Smiley face

The Importance of Maintaining Agricultural Markets By Mario Villarino

Smiley face

The importance of maintaining agricultural markets

During my years in agriculture (basically all my life) I have seen agricultural related industries adapting to market changes. During my years in Veterinary School, I held an externship chair in a well-known pharmaceutical medical company with headquarters in Germany. It was a great opportunity and I enjoyed the multi-cultural atmosphere maintained by the company and the team work interaction. This particular company produced most of the basic chemical components that made the most important pharmaceutical products today. The company was so important that it held many international patents; many of those were basic colors! (Many of the antibiotics used today are biological dyes that bind to the outer structures of the bugs they are trying to kill). It was a great experience and I learned a lot. The pharmaceutical market is a very competitive one, and just as I was finishing my externship (that lasted five years) the company was sold to another international pharmaceutical company eventually changing names but maintaining the same structure (these companies I learned later on, never completely disappear but change ownership to remain in business). The change of ownership was a no-brainer and employees got used to this. Maintaining markets in agriculture requires change to stay relevant. This is true for multi-national companies and to small producers. To remain in business the beef industry has to become adapted to market changes. A good example in our county is the cattle industry. We have seen significant changes in the way businesses are conducted, cattle are produced and products are sold. A great example is how beef producers have accomplished the maintaining of specialty cattle sales, generally known as pre-conditioning sales. The preconditioning of cattle is not a new principle, but maintaining a market as NETBIO (North East Texas Beef Improvement Association) preconditioned sales are the corner stone to maintain a locally grown product with consumer demand. It is important for NETBIO to remain connected with beef consumers to maintain market trust and transparency. Today consumers want to purchase good products raised in the best possible way. As new US agricultural partners join the lion share of beef sales, it is critical for local markets to remain honest and genuine. Together with cattle preconditioning sales, NETBIO has taken the role of partnering to promote beef consumption and provide technical training to beef producers with the goal of maintaining a strong beef market. Beef production is a complex industry. Many industries (just as the pharmaceutical industry I referred before) rely on proper use of the products and proper know-how of farmers and ranchers of modern agricultural methods to stay in business. The beef industry is a community-based industry and we are linked to it and with each other, one way or another. Recently, a task committee from NETBIO has taken the responsibility of promoting beef and local community development as it organizes the Hopkins County Beef Day, October 7, 2016.  Beef Day is a combined educational, competitive experience for our community. The first event will be the Hopkins County Commissioner’s Court Declaration of Hopkins County Beef Day at the Court House main door (10:00 AM), followed by the cattleman’s classic which is the NETBIO members annual meeting, with a 4 hr (BQA) educational program in animal health (PI-BVD) and low stress handling by Dr. Ron Gill (Texas A&M AgriLife Extension) at the Regional Civic Center Arena. The event will then move to Celebration Plaza in downtown Sulphur Springs where the Ribeye Round Up will be held. More than 35 cooking teams will be cooking-competing to provide the best grilled dinner possible. Musical entertainment will be ongoing with performances by Matt Dunn, Sarah Hobbs, Jack Phillips and Jay Hooker and the Outsiders. The concert is free. Dinner tickets are $25 dollars each and are currently available at local banks and the Hopkins County Extension Office. For more information on this or any other agricultural topic please call The Hopkins County Extension Office at 903-885-3443 or email me at [email protected].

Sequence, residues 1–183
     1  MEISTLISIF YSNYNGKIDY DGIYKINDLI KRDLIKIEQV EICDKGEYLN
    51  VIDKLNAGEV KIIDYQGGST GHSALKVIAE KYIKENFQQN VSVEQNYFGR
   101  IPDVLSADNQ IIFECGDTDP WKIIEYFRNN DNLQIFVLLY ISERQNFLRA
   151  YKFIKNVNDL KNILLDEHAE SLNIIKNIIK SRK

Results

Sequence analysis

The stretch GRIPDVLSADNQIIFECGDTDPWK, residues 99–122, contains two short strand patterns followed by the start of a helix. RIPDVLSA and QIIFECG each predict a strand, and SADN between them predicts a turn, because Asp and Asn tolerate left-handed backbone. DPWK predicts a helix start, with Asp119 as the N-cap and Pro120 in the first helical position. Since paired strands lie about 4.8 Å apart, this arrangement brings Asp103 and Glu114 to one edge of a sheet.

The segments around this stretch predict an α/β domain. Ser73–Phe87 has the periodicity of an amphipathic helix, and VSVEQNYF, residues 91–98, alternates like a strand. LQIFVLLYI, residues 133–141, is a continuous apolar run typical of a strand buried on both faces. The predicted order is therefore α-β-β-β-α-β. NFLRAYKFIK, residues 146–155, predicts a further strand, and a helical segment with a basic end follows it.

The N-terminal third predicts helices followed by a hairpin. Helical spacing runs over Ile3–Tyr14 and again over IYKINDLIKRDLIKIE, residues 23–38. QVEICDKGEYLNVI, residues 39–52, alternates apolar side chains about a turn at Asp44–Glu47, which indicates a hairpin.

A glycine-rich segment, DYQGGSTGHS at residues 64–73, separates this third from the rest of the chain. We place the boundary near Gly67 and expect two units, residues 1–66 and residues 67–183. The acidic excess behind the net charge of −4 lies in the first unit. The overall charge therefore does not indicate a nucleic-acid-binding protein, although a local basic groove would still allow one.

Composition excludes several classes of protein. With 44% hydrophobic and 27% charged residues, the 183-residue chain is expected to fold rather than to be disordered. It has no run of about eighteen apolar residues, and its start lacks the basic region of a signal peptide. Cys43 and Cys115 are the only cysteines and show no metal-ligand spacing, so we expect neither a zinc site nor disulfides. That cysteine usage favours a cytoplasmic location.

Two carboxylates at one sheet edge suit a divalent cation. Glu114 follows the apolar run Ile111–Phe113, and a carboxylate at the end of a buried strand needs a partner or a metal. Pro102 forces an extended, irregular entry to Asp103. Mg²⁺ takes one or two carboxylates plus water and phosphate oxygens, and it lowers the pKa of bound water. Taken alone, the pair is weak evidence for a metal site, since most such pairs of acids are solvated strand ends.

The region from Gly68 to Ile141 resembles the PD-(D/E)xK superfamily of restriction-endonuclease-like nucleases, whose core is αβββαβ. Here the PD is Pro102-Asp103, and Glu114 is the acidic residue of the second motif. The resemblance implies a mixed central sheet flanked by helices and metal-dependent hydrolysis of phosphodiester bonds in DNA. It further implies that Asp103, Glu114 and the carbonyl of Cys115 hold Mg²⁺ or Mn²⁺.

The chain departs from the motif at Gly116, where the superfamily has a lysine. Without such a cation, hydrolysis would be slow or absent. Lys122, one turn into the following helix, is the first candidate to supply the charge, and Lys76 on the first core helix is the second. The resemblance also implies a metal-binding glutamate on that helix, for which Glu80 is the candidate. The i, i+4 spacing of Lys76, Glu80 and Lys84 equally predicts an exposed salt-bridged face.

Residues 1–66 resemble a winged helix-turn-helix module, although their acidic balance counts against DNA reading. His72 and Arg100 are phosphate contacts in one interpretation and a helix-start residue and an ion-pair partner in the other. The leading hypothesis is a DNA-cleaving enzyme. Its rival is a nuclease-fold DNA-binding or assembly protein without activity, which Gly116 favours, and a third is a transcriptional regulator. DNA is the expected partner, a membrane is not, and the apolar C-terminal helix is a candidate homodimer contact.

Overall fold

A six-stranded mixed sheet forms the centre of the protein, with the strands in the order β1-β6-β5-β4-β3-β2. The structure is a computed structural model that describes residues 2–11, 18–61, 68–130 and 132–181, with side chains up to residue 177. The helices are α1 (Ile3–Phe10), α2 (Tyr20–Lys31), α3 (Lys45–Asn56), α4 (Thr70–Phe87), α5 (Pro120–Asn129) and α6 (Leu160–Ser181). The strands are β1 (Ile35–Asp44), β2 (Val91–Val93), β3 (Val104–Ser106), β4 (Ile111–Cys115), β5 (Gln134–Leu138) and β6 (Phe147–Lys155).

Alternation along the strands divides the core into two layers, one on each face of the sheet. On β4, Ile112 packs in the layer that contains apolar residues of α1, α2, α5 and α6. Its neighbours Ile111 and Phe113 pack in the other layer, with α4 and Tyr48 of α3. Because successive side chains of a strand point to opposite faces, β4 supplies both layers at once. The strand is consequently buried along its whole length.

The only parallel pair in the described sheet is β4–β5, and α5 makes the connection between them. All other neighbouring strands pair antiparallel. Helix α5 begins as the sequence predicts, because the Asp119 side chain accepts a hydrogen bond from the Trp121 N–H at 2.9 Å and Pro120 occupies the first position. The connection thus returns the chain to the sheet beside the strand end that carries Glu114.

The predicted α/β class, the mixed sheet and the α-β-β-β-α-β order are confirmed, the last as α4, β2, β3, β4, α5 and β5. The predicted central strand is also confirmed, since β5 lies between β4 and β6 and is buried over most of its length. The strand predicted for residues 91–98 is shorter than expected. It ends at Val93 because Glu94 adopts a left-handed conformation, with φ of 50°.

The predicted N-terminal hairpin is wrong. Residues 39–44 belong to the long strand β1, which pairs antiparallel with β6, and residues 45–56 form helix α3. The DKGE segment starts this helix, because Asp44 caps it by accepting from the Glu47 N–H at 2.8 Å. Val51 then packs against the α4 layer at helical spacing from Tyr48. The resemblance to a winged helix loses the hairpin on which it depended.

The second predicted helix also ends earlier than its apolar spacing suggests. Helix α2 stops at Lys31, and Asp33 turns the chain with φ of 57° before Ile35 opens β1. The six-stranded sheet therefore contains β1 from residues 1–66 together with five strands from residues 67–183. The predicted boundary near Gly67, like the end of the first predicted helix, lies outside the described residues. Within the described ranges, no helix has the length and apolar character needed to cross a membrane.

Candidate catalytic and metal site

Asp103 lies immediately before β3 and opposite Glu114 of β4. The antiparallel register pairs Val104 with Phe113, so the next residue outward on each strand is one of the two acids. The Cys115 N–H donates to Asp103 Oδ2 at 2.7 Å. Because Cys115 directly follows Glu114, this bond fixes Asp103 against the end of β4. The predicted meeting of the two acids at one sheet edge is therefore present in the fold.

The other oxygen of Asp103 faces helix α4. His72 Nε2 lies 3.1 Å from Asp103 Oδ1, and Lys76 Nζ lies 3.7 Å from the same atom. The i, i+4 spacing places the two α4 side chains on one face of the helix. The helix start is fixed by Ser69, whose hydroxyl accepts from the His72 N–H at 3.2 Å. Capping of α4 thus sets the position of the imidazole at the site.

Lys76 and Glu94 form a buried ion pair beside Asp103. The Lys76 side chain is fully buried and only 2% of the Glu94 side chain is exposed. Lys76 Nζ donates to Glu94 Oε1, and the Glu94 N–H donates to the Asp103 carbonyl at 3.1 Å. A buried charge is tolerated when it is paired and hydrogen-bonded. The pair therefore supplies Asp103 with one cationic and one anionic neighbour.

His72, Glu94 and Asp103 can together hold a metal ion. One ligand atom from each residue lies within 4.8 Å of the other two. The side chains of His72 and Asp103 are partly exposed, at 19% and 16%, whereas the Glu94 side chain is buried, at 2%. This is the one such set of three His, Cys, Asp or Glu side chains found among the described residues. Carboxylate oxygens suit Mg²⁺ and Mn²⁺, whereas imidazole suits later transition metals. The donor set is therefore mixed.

Upcoming events for September

Hopkins County Bee Club: Meeting every third Thursday of the month at the Hopkins County Extension Office at 6:30 PM. Variety of bee related topics directed to bee keepers. Next meeting 8/15/2016.

Hopkins County Master Gardeners: Meeting every fourth Thursday of the month at the Hopkins County Extension Office at 10:00 AM. Variety of topics related to gardening, planning of educational events, etc. Next meeting 8/22/2016.


Mario Villarino DVM, Ph.D.
Hopkins County Extension Agent for Ag and NR
1200B Houston Street
Sulphur Springs, Texas 75482

Smiley face

Author: Staff Reporter

Share This Post On